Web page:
Hallux Limitus & Treatment

Published: 22nd February 2011
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Hallux refers to the big toe and Limitus refers to decreased motion of the joint. So, putting together, there is limited motion in the big toe joint. Despite its name it may not be the longest toe on the foot of some individuals.

In the early stages, motion of the big toe is only limited, and at this point, the disorder is called Hallux Limitus. As the problem advances, the big toe's motion gradually decreases until it becomes rigid or frozen. At this point, the disorder is referred to as Hallux Rigidus. As motion becomes progressively limited, pain increases, especially when the big toe is extended, or pushed up.

Symptoms ::

Symptoms of hallux limitus consist of pain and stiffness in the joint when walking, standing, and especially squatting. There may be an increase in pain in colder temperatures and damp weather. There is often swelling at the joint. Over time the jamming of bone up against one another can cause new bone formation that forms a bump on the top of your joint. This bump is called a bone spur. This will cause the joint to be more painful and it will eventually lose complete motion or become rigid.

Later findings that are consistent with hallux rigidus include continuous pain in the joint, even when at rest. A person with hallux rigidus may have a visual bump on the top of their foot over the joint. This bump is actually a bone growth known as an osteophyte that can be seen on x-ray, and is common in osteoarthritis. Another common complaint is difficulty wearing shoes, particularly shoes that are tight in the toes, such as high heels.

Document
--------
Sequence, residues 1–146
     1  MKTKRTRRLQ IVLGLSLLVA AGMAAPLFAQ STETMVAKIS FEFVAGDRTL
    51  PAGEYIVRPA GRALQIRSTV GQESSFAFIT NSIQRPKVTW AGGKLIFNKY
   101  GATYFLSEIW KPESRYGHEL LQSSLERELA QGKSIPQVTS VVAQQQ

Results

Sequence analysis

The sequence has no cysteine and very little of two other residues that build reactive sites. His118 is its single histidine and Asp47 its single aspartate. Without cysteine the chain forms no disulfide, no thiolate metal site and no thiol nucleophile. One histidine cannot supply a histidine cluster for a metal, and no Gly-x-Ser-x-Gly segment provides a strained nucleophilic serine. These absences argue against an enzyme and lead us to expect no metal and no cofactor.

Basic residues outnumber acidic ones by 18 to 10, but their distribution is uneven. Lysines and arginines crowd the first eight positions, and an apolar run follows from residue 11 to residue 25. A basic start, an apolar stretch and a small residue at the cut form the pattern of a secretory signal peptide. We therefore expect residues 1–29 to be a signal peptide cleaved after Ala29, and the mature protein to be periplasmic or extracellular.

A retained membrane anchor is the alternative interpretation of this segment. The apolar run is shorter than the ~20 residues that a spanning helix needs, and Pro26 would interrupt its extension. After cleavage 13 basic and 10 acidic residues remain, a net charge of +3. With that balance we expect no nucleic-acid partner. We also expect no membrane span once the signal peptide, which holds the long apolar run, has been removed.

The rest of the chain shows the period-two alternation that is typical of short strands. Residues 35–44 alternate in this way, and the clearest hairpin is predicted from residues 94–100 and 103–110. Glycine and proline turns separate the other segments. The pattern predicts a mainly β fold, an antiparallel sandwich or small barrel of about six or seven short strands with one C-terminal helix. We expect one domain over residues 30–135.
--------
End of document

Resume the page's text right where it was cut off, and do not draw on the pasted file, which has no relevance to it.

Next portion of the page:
When the joint becomes too painful to walk on, a limp may be apparent. The attempt to keep weight off the joint can lead to problems with other areas of the foot that are not meant to bear the weight that the big toe is designed for. Knee, hip, back and neck pains are also common conditions associated with hallux limitus and hallux rigidus.


Hallux limitus and hallux rigidus can be treated by either conservative or aggressive treatments, or a combination of both. Conservative treatment relies on stabilizing the foot, taking weight off of the big toe, and alleviating some of the pain associated with the condition. Stabilization of the foot is often achieved with a custom orthotic or other form of padding. Symptoms may be alleviated with anti-inflammatory medications (NSAIDs), icing, rest, and padding.

More aggressive treatment is focused on the surgical management of hallux limitus rigidus. The joint can commonly be fused, which takes away motion at the joint and alleviates the pain associated with the motion. Another option may be to use an implant, which can bring motion back to the joint. There are a number of different factors that go into the surgical decision making, so talk to your doctor about the options.

Stride Orthotics provide custom designed supports to joints of the lower limb, e.g. lower leg splints, knee braces, ankle supports, specialist made to measure footwear and foot orthotics(insoles). The Orthotic supports are designed to support joints and muscles of the lower back, hip, knee, ankle, lower leg and foot.

Peter Petrelli is a freelance author for http://www.strideorthotics.co.uk, a clinic that specializes in sport orthotics, Achilles tendonitis treatment, Ankle braces, Ankle sprains, Ankle supports, Biomechanics, Custom made insoles and Deep fitting shoes.

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